Transcriptional repression of epithelial cell adhesion molecule contributes to p53 control of breast cancer invasion

Narendra V Sankpal, Michael W Willman, Timothy P Fleming, John D Mayfield, William E Gillanders
Cancer Research 2009 February 1, 69 (3): 753-7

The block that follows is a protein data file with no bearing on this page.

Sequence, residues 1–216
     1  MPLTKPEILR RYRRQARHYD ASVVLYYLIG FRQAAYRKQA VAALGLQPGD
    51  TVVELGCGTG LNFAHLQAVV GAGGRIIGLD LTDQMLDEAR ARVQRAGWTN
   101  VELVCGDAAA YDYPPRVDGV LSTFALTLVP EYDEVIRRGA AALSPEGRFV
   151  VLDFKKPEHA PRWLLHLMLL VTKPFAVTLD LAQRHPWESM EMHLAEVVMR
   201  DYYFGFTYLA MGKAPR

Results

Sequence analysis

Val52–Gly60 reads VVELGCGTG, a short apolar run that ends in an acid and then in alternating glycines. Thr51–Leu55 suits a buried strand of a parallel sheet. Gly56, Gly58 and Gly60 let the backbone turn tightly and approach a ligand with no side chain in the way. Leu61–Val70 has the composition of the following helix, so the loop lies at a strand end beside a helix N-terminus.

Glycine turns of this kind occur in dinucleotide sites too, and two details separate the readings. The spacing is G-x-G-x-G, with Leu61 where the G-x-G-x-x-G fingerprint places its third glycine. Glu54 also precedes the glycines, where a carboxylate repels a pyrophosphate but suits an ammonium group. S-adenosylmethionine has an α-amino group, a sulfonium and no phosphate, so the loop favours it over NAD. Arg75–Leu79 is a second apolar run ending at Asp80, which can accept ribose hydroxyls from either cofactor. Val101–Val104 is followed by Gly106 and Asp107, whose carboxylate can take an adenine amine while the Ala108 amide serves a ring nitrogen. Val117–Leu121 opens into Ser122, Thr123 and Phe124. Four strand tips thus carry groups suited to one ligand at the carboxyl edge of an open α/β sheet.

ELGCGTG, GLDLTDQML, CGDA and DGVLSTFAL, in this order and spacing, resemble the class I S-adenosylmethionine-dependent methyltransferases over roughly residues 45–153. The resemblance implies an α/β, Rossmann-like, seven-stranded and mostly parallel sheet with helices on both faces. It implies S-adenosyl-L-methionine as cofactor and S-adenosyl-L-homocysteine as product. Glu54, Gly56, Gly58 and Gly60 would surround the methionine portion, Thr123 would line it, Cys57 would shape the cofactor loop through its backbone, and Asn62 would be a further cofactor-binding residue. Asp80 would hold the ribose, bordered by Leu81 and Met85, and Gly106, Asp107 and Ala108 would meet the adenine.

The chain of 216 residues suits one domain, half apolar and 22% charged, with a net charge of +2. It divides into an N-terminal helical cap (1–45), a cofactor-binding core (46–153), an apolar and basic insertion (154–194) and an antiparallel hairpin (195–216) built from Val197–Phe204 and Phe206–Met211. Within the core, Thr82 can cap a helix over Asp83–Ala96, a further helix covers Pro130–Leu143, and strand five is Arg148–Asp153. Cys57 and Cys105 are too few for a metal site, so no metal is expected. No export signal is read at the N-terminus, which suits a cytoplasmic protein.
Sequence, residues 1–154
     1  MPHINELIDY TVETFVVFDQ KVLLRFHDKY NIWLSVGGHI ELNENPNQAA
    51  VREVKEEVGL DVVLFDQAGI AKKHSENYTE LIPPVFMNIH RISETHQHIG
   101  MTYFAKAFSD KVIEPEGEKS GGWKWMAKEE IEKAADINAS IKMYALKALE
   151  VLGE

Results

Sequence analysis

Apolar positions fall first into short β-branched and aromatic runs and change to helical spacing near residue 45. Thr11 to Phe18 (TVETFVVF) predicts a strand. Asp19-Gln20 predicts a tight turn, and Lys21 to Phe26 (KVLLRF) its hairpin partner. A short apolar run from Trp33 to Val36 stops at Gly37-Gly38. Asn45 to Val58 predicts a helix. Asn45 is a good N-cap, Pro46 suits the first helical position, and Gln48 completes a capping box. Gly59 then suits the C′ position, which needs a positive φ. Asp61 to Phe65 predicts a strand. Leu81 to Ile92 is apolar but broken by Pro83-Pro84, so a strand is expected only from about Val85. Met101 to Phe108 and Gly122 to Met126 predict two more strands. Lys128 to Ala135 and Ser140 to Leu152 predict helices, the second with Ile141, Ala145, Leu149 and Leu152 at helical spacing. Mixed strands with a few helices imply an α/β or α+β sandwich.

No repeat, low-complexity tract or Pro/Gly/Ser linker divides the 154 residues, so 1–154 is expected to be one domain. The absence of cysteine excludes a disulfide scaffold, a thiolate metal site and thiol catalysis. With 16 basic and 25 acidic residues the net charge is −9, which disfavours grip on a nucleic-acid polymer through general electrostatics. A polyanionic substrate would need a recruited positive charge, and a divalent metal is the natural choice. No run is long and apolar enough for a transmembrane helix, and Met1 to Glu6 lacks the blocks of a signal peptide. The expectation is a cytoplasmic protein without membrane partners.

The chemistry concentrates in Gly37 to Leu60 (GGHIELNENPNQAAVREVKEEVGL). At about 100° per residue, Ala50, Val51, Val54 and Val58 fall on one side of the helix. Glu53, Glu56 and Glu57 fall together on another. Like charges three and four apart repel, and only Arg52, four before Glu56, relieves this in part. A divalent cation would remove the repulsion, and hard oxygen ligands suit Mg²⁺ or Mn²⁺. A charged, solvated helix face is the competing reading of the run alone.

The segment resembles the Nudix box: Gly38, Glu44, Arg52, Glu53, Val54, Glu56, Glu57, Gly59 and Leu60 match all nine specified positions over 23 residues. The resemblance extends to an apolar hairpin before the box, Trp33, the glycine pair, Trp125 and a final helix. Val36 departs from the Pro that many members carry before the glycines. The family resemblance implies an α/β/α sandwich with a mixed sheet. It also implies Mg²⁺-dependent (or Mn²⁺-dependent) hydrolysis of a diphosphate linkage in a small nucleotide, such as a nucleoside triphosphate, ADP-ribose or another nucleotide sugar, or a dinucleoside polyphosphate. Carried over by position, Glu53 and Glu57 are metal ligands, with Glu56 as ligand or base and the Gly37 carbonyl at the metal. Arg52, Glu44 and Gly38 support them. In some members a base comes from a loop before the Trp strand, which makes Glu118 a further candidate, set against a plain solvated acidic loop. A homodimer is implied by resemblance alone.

p53 is a tumor suppressor gene with well-characterized roles in cell cycle regulation, apoptosis, and maintenance of genome stability. Recent evidence suggests that p53 may also contribute to the regulation of migration and invasion. Epithelial cell adhesion molecule (EpCAM) is a transmembrane glycoprotein that is overexpressed in the majority of human epithelial carcinomas, including breast and colorectal carcinomas. We show by chromatin immunoprecipitation assays that p53 interacts with a candidate p53 binding site within the EpCAM gene. p53-mediated transcriptional repression of EpCAM was confirmed in gain-of-function and loss-of-function experimental systems. Induction of wild-type p53 was associated with a significant dose-dependent decrease in EpCAM expression; conversely, specific ablation of p53 was associated with a significant increase in EpCAM expression. At the functional level, specific ablation of p53 expression is associated with increased breast cancer invasion, and this effect is abrogated by concomitant specific ablation of EpCAM expression. Taken together, these biochemical and functional data are the first demonstration that (a) wild-type p53 protein binds to a response element within the EpCAM gene and negatively regulates EpCAM expression, and (b) transcriptional repression of EpCAM contributes to p53 control of breast cancer invasion.

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